A success, I must admit.
Antipasti -- assorted cheeses; apples, grapes, and pears; crackers; jellies; bread
Primo -- fettuccine with mushrooms in sage butter
Secondo -- herb-roasted chicken
Contorni -- winter vegetable salad, oven-roasted potatoes, onions, and carrots
Dolci -- assortment of biscotti and cookies
There were a few cheese and bread vendors, so that was easy. Kit had apples, so I bought some pears. I picked up some garlic jelly and ginger jelly, too, so that we'd have an antipasto course of bread, cheese, and fruit. One of the cheeses was an awesome fresh mozzarella...melt-in-your-mouth delicious.
I found some lovely mushrooms (and only $4/lb). Bought two pounds. Picked up 2 containers of fresh egg fettuccine. I sauteed the mushrooms in lots of butter, with some shallots, then finished them off with a slurp of Marsala. Right at the end I added some chopped fresh sage and lots of parsley.
There were lots of winter root vegetables, so my idea of doing the slaw was easy. I got carrots (orange and yellow), celeriac, and black radish. I shredded the root veggies on the box grater, added half a shallot, minced, along with some chopped parsley for color, then dressed the slaw with mayo, brown mustard, salt, pepper, and a splash of buttermilk to thin it out. I got the most compliments on the slaw -- no one could believe it wasn't cole slaw. Dan was the funniest -- he said he didn't like cabbage (there wasn't any in it), and that he didn't much care for mayo-based dressings either, but that this salad was very good. I'm glad all enjoyed it.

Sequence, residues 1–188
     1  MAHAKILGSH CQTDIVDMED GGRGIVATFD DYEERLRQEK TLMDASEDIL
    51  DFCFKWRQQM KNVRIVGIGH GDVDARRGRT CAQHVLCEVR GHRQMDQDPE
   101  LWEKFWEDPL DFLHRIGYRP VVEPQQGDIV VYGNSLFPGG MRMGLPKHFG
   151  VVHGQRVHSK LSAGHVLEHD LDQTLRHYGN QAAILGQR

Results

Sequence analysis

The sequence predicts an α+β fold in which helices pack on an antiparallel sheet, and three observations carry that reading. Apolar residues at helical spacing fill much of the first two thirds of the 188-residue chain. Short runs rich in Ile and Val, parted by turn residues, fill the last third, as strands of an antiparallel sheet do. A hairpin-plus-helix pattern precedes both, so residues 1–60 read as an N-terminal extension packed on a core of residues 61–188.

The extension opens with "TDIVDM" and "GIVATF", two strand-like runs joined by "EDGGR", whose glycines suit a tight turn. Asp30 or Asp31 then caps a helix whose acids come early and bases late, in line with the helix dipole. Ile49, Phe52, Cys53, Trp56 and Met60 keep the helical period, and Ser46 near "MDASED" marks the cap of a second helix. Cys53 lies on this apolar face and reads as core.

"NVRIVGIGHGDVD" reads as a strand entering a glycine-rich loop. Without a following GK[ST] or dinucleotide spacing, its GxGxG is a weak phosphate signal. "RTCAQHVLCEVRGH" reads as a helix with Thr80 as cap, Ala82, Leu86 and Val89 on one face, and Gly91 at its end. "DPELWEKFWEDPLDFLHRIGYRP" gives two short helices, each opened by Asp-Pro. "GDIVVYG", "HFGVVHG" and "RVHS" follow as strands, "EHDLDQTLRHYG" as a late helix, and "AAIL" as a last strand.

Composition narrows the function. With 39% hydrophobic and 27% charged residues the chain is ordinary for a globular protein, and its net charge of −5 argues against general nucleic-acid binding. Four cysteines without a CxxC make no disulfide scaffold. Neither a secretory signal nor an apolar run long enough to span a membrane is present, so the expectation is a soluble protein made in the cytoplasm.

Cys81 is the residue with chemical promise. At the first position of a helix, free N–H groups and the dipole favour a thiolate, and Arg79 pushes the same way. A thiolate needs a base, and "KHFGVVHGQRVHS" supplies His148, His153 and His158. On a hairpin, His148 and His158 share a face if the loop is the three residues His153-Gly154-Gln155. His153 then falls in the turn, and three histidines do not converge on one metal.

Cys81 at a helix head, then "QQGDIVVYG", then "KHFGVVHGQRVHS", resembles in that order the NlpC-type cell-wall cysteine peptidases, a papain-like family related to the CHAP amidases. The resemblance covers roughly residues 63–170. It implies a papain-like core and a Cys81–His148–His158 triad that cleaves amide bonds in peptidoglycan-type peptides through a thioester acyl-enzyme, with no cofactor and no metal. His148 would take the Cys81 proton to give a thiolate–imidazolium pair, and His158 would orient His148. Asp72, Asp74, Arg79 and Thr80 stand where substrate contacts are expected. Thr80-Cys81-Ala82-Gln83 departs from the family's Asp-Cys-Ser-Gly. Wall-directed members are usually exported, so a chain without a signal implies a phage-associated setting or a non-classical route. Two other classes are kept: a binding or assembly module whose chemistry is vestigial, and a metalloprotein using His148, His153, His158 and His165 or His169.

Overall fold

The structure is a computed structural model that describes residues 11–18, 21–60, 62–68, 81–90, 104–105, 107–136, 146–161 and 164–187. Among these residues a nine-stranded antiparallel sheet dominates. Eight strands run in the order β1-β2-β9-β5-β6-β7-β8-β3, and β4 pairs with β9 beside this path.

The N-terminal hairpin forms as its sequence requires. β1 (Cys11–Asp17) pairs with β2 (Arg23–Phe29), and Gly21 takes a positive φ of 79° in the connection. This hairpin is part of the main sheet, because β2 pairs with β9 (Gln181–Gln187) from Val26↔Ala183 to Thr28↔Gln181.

The main course was my standard roasted chicken -- breasts and thighs -- with salt, pepper, lots of chopped garlic, thyme and rosemary, then dressed with some olive oil and vinegar. I let that marinate a couple hours in the fridge before popping it into a 375°F oven for about an hour.
The veggie side dish was problematic. I'd found fingerling potatoes at the market, and bought a pound. They looked great. I washed them, cut them up into walnut-sized chunks, added some chunked carrot, and a handful of red pearl onions I also found at the market. Dressed them with oil, vinegar, S&P, garlic, and herbs, and let marinate. I put them in the oven with the chicken, but the potatoes took FOREVER to cook. After two hours, I gave up. They were cooked, but were still quite firm. We tested one -- they tasted almost like roasted chestnuts. Interesting. Overall, the dish was acceptable, but not my best. Next time I'll parboil the potatoes first!
The Baroness brought a lovely assortment of cookies and biscotti, and that was dessert along with hot tea. Lovely. Heck, I even got an invite to a potluck in Brooklyn later in the month as a result, from Karin. I'll be there!
Tuesday, February 2, 2010
Kit's birthday dinner
Dave loves to eat, and cook, and feed his family and friends. Thankfully Dave's family and friends like to eat what he cooks. Dave has achieved the Great American Dream -- suburban banality. He cooks from his modestly appointed kitchen in the leafy suburbs of Delaware County, Pennsylvania, a stone's throw from Philadelphia. Stop by for dinner. Or lunch. Or breakfast.